New York Post
APPLE’S YEAR OF THE RAT
Pizza Rat is just the tip of the rodent iceberg.
The city’s 311 complaint hot line is on pace for a record year of rat calls, exceeding the more than 24,000 received over each of the last two years.
The spike in reports of rat sightings and conditions attracting rodents is probably because garbage was left on sidewalks during last winter’s heavy snowfalls and because registering complaints is now easier with the city’s 311 app, said Caroline Bragdon, a rat expert at the city Health Department.
Bragdon’s team responds to such complaints, compiles a citywide “rat index” and inspects dozens of buildings each month.
What started as a team of less than a dozen has expanded to nearly 50 people, working with a nearly $3 million annual budget to control rodents.
Upper West Sider Nora Prentice estimates her local park has about 200 rats — but none as charming as Pizza Rat, the plucky rodent seen dragging a large slice down a subway stairwell in a viral YouTube video.
“It’s like the Burning Man of rats,” she said. “They’re just sitting there in a lawn chair waiting for you. I don’t know what the city can do about this rat condominium. It’s really gross.”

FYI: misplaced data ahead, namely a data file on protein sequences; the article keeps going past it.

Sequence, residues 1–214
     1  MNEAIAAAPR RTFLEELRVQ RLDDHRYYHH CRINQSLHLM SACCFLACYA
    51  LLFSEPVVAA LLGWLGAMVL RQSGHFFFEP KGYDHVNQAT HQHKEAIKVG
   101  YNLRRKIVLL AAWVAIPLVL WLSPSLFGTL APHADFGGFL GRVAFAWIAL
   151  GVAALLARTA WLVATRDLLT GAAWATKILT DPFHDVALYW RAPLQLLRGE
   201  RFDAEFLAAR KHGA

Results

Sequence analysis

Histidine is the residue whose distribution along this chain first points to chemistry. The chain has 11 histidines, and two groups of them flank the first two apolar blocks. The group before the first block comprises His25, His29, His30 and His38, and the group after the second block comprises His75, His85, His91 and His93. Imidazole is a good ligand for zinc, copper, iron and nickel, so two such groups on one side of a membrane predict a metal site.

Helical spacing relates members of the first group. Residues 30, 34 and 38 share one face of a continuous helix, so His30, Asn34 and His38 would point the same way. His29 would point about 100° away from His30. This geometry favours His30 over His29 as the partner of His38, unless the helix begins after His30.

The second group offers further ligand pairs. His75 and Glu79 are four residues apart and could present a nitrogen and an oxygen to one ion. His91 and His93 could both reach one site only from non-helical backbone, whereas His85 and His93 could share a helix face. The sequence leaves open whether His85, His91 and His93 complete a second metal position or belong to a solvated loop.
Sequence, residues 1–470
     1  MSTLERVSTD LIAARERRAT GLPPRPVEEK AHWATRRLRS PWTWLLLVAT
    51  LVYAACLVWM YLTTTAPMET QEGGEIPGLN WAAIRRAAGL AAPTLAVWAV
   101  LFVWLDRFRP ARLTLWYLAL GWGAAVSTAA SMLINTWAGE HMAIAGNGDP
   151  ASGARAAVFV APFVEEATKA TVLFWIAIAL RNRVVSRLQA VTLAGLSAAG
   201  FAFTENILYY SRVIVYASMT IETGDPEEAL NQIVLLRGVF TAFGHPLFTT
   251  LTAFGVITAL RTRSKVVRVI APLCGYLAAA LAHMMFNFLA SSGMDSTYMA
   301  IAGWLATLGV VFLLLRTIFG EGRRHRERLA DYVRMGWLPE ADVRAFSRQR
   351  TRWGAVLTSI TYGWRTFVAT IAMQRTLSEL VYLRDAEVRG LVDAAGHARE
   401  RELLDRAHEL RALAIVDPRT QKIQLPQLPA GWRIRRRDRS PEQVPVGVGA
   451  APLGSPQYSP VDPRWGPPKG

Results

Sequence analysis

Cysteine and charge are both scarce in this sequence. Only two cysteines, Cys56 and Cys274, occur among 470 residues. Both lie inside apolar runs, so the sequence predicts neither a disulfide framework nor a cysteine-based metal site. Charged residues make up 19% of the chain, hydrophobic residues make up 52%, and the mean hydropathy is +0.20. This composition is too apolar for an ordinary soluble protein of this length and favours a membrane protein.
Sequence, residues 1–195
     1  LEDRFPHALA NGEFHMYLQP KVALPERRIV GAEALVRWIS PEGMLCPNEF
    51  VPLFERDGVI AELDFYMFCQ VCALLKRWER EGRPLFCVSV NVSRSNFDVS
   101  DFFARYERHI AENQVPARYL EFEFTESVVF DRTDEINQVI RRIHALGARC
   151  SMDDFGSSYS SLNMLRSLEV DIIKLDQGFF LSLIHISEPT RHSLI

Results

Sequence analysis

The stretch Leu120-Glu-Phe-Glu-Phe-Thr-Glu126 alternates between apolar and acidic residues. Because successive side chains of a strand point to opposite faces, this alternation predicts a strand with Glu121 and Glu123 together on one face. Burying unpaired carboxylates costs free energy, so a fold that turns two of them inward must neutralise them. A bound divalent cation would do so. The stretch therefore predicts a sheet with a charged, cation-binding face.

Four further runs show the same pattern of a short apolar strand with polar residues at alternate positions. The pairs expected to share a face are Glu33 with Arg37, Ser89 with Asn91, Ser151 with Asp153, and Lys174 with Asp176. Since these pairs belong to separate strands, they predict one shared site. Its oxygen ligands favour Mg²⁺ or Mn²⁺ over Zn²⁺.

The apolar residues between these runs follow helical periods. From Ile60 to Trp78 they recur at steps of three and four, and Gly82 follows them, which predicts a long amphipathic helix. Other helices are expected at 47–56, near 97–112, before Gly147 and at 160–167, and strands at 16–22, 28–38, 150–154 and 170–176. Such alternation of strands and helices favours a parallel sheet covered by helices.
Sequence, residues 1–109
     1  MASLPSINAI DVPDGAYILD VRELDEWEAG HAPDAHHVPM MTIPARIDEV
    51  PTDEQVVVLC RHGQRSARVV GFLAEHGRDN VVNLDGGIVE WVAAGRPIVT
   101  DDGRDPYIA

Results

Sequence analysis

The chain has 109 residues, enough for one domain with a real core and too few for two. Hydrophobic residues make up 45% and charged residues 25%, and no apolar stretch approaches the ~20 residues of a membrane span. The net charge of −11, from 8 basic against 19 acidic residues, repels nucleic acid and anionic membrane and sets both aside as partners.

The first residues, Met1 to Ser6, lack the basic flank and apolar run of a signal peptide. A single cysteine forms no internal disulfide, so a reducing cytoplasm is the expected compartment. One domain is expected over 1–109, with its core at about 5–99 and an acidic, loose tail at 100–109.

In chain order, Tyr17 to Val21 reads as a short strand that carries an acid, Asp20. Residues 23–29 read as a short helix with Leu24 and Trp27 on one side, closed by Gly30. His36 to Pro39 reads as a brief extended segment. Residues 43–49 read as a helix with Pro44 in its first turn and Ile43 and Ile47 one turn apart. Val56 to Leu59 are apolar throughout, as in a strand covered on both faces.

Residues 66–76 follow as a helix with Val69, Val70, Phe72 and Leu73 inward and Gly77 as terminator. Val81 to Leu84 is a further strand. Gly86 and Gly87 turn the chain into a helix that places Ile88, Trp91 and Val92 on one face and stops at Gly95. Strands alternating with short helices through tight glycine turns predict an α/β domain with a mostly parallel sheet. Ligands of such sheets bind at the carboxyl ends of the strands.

She said complaints she filed were closed after officials told her they were “working on the problem.”
“What kind of an answer is this?” she said.
In audits over the past two years, Comptroller Scott Stringer has blasted the Health Department for not responding quickly enough to rat complaints, and the MTA for not cleaning stations more regularly.
“I’ve seen rats walking upright, saying, ‘Good morning, Mr. Comptroller,’ ” he griped. “It’s unsightly to see rats running through neighborhoods like they actually bought a coop somewhere.”
Mayor de Blasio’s “rat reservoir” plan aims to dismantle habitats. It includes setting traps, installing rodentresistant trash cans and working on legislation to require eateries to hose away sludge from garbage.
Every bit helps, Bragdon said. Unlike Pizza Rat, most rats need only an ounce of food and water a day.
“It’s an apple core, it’s a piece of a hot dog, a couple of chips. It’s the crumbs,” she said. “You’d much rather prevent rats from being here than treat them with poison after they’re here.”